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Annual Coastal Cleanup Day Brings the Community Together to Protect Our Ocean
by Save Our Shores
Monday Sep 20th, 2021 3:07 PM
1,767 passionate volunteers removed more than 4,695 pounds of debris from our local beaches, rivers, and inland areas!
sm_message_in_bottle_natural_bridges_stae_beach_santa_cruz.jpg
MONTEREY BAY REGION, September 18, 2021 — 1,767 passionate volunteers worked from 9 to noon today (Saturday, September 18) collecting more than 4,020 pounds of trash and over 675 pounds of recycling from 62 beaches, rivers, and inland areas across Monterey and Santa Cruz Counties! Annual Coastal Cleanup Day is California’s biggest cleanup of the year which takes place annually on International Coastal Cleanup Day. Save Our Shores has partnered with the California Coastal Commission, serving as the Central Coast host for this much-loved annual effort for over a decade.

Senator John Laird, Taylor Lane of the Cigarette Surfboard Project, and Save Our Shores' new Executive Director Erica Donnelly-Greenan opened the day with remarks at Cowell Beach in Santa Cruz. Tying enthusiasm for this annual community service tradition to the need for large-scale systemic changes to address the escalating plastic crises, Senator Laird said, “I deeply appreciate our communities coming together today to help on the Annual Coastal Cleanup Day. As humans, we are both the cause of and the solution to the waste that threatens ocean health. Beyond the work we did today, we all must also support strong efforts at the state and federal levels for extended producer responsibility legislation that will lessen the need for future beach cleanup efforts.”

In describing the Cigarette Surfboard project and petition, founder and designer Taylor Lane said, "The Cigarette Surfboards are built with thousands of beach littered cigarette butts found in Santa Cruz and other coastal areas across California. We've turned this icon of trash (the most littered item in the world) into functional art, and are using these boards to urge and support jurisdictions across Santa Cruz County to draft and pass an ordinance banning the sale of these toxic, single-use filters." As part of today's effort, Santa Cruz County volunteers, beachgoers, and passersby were invited to sign a petition to ban the sale of single-use cigarette filters in all jurisdictions of Santa Cruz County which will be shared with elected officials in each jurisdiction.

As Site Captains returned supplies to the Save Our Shores office, many shared that it had been a fun day of service and community camaraderie. Interesting finds from the day included: an old wagon wheel, a large machete, a flat-screen television, a stovetop, half of a hoverboard, a love letter, messages in a bottles, and a few bags of marijuana. Watsonville City Plaza topped the day for both turnout and trash collected with 331 volunteers collecting 428 pounds of trash and 200 pounds of recycling.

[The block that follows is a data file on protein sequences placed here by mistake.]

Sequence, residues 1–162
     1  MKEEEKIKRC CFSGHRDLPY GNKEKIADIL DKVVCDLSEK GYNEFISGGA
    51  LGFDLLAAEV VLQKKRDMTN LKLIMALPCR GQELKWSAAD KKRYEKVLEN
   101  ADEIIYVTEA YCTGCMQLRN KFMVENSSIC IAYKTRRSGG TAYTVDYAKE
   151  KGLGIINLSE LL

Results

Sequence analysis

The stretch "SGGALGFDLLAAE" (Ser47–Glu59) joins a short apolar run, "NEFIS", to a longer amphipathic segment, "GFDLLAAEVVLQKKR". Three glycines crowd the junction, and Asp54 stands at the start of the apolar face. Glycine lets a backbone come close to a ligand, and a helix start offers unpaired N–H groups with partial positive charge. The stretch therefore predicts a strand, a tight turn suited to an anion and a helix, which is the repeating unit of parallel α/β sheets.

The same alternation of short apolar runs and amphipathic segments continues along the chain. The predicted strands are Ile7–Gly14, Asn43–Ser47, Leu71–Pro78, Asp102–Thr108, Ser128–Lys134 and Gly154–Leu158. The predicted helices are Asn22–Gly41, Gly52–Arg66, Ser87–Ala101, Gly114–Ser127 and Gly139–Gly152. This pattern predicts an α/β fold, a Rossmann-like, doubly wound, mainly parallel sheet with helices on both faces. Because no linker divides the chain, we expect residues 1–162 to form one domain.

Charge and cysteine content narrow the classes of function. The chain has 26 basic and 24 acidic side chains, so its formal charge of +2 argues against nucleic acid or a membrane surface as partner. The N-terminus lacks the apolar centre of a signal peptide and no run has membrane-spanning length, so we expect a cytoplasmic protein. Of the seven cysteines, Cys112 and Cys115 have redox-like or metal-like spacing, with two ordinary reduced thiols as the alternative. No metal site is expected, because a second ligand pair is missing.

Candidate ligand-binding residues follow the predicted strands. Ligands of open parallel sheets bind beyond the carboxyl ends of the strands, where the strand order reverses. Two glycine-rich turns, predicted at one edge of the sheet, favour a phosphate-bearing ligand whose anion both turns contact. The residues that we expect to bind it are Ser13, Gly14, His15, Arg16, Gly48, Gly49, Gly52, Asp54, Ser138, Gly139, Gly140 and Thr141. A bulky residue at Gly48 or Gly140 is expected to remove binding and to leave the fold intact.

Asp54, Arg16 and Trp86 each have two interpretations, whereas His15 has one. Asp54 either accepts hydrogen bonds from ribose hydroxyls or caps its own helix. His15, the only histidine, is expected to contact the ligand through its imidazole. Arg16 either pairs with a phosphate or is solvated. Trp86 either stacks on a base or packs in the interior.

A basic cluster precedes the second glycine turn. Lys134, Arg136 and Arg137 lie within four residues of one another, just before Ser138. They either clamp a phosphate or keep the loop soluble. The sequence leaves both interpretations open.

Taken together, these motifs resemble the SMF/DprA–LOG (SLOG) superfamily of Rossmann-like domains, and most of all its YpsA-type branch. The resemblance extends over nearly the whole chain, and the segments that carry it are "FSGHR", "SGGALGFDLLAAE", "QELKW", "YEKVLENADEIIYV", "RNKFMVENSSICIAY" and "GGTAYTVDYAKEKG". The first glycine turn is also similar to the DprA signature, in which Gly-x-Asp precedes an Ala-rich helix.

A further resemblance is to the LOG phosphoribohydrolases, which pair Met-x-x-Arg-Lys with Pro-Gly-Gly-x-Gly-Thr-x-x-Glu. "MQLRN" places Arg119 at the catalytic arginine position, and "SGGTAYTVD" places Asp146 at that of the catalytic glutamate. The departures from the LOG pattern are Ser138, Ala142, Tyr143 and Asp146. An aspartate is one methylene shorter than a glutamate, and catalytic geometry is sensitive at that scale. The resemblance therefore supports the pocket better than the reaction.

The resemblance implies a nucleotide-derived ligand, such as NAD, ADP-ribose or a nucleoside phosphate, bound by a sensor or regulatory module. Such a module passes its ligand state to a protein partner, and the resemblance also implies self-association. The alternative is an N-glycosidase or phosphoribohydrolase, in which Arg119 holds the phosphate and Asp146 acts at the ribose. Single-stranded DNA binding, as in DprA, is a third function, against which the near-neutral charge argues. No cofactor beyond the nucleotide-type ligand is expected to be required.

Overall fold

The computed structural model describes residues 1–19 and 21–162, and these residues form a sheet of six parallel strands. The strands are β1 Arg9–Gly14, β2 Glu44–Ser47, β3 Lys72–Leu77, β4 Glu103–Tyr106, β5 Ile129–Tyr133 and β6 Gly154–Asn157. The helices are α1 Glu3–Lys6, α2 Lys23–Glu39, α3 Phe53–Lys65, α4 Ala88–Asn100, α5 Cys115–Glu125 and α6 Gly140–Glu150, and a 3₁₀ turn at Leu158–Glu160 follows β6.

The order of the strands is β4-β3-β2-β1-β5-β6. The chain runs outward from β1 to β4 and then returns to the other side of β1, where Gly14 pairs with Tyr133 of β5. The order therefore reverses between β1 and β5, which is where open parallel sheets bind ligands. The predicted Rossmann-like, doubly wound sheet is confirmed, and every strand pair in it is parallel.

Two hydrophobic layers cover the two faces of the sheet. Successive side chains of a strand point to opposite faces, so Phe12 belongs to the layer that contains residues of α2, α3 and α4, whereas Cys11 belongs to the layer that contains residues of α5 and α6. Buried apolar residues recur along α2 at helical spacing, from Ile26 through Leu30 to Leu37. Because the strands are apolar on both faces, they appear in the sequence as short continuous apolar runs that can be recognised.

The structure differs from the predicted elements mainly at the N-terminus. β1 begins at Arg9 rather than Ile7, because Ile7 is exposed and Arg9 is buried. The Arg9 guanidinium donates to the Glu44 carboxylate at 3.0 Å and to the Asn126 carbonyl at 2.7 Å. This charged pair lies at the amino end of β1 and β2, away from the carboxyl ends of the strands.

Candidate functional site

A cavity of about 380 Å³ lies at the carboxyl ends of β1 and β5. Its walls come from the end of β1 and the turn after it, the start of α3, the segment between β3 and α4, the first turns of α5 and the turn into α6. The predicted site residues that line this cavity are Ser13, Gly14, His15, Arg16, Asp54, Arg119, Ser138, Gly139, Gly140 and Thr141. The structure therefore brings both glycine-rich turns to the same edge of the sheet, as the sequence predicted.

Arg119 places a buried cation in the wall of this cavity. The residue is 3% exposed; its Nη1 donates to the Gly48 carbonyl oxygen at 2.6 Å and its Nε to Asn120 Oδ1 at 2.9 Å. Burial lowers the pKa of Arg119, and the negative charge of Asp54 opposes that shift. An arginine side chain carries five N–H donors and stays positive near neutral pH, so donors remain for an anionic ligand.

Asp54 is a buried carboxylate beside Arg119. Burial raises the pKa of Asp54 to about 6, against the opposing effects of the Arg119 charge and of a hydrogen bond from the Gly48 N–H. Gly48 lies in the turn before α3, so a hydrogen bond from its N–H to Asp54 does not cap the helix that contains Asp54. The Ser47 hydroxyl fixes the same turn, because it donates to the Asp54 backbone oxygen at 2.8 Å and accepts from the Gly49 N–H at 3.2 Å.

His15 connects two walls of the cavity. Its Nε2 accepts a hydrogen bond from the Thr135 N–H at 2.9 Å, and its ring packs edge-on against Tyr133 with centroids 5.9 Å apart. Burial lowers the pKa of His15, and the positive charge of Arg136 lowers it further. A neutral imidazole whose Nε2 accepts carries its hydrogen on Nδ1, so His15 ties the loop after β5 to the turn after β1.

Save Our Shores' new Executive Director Erica Donnelly-Greenan expressed gratitude to the many people who came together to make the day a success: "Thank you to the Monterey Bay National Marine Sanctuary community for being here with us and taking a part in keeping our coastal and surrounding habitats clean. I speak on behalf of Save Our Shores and our team in saying that we are truly grateful for the outpouring of participation and support. While our ultimate goal is to make cleanups a thing of the past, there's certainly more work to be done in order for us to reach that goal for future generations. We are incredibly grateful to all of our wonderful site captains and volunteers who spent their morning removing trash from beaches and the watersheds that lead to them. This tremendous effort to keep our waterways clean could not have happened without them!"

In addition to today's event, Save Our Shores continues to encourage volunteers to recognize the remainder of September as Coastal Cleanup Month by cleaning up wherever they are, whenever they can. Trash on our streets and in local creeks and parks can easily become ocean pollution once the rains arrive and wash that trash into stormwater systems and ultimately out to the ocean. Neighborhood cleanups give everyone the opportunity to participate, no matter when it might occur.

Folks doing self-guided cleanups can download and use the Clean Swell app during or after the cleanup, and the totals will be automatically included within the larger statewide tally. Alternatively, they can download and print a paper data card from coastalcleanupday.org and send it to Save Our Shores at 345 Lake Avenue, Suite A, Santa Cruz, CA 95062.


Save Our Shores was founded in 1978 as a grassroots organization to prevent offshore drilling in the Monterey Bay and later helped to define and establish the Monterey Bay National Marine Sanctuary. Since that time, it has continued to advance ocean conservation and efforts through impactful advocacy, awareness, and action while continuing to mobilize a large following of supporters and volunteers throughout the Monterey Bay Region. In recent years, Save Our Shore has been at the forefront of advocacy to combat plastic pollution and the climate crisis. In 2017, its multi-year campaign to end illegal sand mining along the Sanctuary’s shores resulted in an agreement for the shutdown of the CEMEX sand mine in Marina, CA which officially closed in November 2020. The June 2021 TRUTH + JUSTICE = HOPE—California Ocean & Climate Justice Mini-Fellowship and Summit, a collaboration with the Resource Center for Nonviolence, affirmed the organization’s commitment to integrating a call for environmental justice into its vision, mission, values, and actions.


[Photo: Messages in bottles at Natural Bridges State Beach]


https://saveourshores.salsalabs.org/acc_2021_highlights_stats
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